Labor has today offered support for elements of the Broadcasting Legislation Amendment (Media Reform) Bill 2016, but cannot accept the Government’s ‘suck it and see’ approach on this narrow and short-sighted legislation.
“This legislation is not about genuine or meaningful reform to address the disruptive challenges facing the media sector, nor does it offer necessary safeguards for media diversity now or in the future,” Ms Rowland said.
“Malcolm Turnbull and Mitch Fifield waited two and a half years in office before proposing this piecemeal package, said nothing about it during the election campaign, and now demand that it urgently be passed.
“This is despite calls from several stakeholders not to pursue this legislation and instead focus on pressing issues such as licence reform, spectrum management and the challenges of content rights.
“Labor believes that in the absence of vision from the Turnbull Government, the pragmatic course of action at this time is to repeal the 75 per cent reach rule, ensuring local content is bolstered following a trigger event, and provide immediate licence fee relief to the commercial broadcasters.
“Once the impact of these changes can be assessed, then the question of media diversity safeguards should be considered properly, in a holistic and genuine reform context.
“The internet has altered the media landscape, but it does not justify discarding important diversity safeguards. The fact is that seven out of the top 10 news websites in Australia belong to traditional media companies. It’s the same voices on different platforms.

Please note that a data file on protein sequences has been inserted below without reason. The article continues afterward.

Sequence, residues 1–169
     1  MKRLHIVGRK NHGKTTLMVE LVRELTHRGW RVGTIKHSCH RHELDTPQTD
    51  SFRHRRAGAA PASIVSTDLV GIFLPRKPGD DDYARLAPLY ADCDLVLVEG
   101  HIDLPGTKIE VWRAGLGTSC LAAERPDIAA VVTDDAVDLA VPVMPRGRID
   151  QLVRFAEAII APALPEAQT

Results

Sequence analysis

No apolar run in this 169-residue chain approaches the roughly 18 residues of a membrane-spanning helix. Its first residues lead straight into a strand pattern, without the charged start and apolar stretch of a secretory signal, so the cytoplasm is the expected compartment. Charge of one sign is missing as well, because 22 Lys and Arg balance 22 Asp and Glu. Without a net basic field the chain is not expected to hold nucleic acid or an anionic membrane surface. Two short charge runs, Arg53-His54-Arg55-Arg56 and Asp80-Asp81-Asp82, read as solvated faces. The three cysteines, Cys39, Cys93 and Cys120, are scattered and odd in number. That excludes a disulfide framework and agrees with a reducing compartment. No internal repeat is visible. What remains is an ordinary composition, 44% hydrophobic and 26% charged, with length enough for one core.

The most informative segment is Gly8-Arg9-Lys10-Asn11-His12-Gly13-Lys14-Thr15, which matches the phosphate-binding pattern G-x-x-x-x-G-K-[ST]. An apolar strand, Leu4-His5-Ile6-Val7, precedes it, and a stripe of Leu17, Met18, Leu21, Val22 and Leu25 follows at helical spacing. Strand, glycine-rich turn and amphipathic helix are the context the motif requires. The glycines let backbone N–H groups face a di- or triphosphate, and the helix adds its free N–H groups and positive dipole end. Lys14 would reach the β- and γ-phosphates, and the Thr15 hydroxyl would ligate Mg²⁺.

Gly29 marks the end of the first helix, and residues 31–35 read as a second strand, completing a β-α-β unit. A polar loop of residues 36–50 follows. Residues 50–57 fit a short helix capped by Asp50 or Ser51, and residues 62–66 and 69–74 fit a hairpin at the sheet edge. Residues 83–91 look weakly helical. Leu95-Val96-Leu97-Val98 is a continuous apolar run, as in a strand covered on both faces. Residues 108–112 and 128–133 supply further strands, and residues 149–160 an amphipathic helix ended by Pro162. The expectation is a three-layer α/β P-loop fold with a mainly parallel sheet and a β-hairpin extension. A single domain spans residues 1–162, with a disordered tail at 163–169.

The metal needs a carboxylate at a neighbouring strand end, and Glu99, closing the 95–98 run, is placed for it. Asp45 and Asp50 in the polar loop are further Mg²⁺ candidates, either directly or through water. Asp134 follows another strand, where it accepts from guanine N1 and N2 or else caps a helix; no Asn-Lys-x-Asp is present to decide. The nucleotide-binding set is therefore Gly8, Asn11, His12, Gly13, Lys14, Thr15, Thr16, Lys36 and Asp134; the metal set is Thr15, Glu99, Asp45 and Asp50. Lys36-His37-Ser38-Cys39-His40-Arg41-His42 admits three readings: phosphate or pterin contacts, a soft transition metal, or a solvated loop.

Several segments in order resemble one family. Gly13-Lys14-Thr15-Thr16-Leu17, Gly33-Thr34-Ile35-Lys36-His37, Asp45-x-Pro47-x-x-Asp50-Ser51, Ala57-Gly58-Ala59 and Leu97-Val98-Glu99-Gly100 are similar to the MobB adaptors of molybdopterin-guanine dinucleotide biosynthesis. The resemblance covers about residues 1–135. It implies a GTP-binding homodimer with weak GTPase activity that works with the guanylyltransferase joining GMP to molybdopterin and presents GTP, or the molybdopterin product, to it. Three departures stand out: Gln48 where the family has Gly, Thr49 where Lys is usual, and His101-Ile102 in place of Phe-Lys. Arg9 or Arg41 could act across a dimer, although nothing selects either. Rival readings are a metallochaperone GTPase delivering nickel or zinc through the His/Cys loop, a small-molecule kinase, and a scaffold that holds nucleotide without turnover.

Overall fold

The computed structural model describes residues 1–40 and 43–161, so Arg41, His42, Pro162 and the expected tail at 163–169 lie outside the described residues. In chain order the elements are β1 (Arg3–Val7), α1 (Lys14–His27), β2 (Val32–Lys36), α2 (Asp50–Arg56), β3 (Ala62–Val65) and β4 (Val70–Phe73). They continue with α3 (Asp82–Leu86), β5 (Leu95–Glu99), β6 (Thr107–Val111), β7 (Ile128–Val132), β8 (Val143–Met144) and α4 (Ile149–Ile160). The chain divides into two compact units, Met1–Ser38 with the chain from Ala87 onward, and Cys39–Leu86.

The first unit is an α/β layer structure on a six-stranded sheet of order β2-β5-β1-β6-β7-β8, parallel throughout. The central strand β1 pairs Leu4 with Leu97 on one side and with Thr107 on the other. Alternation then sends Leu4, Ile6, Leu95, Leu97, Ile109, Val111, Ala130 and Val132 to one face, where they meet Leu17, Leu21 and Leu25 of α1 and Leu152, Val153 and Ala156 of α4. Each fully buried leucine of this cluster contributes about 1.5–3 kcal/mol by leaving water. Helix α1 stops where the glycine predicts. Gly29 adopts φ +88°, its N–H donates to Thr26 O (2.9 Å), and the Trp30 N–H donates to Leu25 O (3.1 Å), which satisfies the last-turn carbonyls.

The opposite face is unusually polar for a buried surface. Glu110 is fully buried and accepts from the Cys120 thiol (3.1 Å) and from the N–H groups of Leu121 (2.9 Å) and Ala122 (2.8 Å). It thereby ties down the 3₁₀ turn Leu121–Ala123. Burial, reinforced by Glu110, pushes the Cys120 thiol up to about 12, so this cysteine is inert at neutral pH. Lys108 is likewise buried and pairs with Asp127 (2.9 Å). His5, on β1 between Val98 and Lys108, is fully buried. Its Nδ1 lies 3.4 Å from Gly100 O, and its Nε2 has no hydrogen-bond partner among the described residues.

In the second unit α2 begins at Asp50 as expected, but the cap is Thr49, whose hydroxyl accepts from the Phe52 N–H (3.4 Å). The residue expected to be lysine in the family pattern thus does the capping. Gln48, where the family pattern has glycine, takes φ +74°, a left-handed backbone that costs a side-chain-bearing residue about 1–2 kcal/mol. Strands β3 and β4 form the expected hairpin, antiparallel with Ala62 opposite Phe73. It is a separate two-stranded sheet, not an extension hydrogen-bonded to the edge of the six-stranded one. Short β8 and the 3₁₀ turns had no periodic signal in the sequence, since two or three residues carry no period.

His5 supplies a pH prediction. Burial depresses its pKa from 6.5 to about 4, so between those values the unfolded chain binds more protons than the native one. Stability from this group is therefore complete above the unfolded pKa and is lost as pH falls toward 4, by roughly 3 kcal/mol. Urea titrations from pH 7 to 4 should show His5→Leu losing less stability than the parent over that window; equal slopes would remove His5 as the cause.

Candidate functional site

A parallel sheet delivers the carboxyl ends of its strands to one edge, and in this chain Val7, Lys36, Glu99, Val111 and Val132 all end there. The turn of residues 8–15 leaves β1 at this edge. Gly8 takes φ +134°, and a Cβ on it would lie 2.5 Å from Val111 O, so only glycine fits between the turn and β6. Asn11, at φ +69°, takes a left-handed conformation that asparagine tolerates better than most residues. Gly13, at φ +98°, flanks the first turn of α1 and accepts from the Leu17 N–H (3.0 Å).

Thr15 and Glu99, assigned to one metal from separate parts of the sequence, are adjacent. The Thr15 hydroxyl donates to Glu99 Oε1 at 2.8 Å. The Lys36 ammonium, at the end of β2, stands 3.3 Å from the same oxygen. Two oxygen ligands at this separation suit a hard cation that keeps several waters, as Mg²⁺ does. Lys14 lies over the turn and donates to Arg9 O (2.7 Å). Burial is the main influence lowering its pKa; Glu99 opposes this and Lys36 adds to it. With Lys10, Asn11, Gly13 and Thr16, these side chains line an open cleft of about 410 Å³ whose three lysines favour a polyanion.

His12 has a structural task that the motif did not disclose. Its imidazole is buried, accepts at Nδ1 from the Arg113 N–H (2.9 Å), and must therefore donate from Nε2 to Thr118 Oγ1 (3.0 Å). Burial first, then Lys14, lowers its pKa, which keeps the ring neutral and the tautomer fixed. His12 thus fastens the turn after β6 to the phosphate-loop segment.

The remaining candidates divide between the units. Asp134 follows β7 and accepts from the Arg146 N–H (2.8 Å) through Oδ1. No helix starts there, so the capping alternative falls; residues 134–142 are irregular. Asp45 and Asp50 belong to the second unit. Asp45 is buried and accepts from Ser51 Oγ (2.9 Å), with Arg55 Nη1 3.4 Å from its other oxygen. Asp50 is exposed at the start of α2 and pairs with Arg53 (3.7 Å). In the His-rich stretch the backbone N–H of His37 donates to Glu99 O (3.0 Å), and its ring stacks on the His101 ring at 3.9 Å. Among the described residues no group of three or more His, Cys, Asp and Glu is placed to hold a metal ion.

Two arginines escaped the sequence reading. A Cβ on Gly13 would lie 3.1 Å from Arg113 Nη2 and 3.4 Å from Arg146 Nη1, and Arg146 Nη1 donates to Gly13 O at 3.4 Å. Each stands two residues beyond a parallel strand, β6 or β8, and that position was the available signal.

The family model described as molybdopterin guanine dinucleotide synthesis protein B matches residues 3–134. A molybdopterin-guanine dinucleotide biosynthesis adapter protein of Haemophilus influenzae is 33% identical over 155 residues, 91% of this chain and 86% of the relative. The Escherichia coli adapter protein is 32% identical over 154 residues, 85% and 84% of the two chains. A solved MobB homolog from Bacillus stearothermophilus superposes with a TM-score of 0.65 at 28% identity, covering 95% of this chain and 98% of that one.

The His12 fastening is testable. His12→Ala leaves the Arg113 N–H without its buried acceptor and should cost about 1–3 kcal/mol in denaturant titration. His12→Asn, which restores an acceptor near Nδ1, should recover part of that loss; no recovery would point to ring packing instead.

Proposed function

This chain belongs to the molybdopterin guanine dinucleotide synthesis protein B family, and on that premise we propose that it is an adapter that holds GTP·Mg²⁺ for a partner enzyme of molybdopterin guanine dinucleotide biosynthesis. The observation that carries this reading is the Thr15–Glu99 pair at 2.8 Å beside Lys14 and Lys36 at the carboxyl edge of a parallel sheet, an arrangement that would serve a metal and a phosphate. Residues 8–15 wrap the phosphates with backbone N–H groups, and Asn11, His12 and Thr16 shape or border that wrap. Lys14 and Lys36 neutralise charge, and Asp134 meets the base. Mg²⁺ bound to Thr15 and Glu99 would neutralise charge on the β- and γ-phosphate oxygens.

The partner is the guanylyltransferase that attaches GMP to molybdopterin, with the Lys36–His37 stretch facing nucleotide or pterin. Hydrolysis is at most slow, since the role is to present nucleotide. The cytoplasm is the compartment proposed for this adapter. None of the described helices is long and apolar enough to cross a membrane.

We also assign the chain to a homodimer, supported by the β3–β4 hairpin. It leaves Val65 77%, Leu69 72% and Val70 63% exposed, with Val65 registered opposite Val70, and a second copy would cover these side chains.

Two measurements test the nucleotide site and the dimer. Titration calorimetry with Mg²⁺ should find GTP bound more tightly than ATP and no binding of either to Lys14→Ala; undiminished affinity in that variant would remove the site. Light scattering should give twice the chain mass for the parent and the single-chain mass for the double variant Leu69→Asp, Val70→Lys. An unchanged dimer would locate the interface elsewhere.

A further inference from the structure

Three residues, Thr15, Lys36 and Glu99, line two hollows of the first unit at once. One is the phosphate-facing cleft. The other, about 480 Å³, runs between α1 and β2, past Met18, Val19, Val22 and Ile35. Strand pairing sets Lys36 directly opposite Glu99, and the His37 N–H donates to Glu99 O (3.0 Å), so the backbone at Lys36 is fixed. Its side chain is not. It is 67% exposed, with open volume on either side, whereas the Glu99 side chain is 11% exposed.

“Many Australians also can’t readily access new sources of content through the internet because they don’t have quality, reliable internet access thanks to the Turnbull Government’s flawed rollout of their copper-based National Broadband Network and their stuff-up of the satellite installation process in rural and regional areas.
“Australia’s level of media ownership concentration is already one of the highest in the world and is an enduring concern to the Australian public. A recent Essential Poll found 61 per cent of respondents disapprove of changing the media laws to allow a single controller of all three of an associated newspaper, TV network and radio station in a licence area.
“Labor opposes removing the two out of three rule because it would achieve very little at potentially great cost - further media consolidation and a reduction in the diversity of voices across the media landscape.
“The Parliament should support diversity in the control of our media for the effective functioning of our democracy. The Australian public deserves better than a government that is condemning important media diversity safeguards to the scrap heap in the name of so-called 'reform'.
“The two Senate Inquiries set up to examine the Government's package demonstrate that there is neither the evidence nor the depth of analysis required to justify embarking on a decision with such significant implications for decades to come.
“The media landscape continues to undergo dynamic change. We need a comprehensive vision and the execution of sound principles-based policy to ensure our media laws support a both thriving democracy and a competitive media sector. We have neither under this hapless Government.
“Labor looks forward to continuing engagement regarding the future of our media industry with relevant stakeholders and the Australian people,” Ms Rowland said.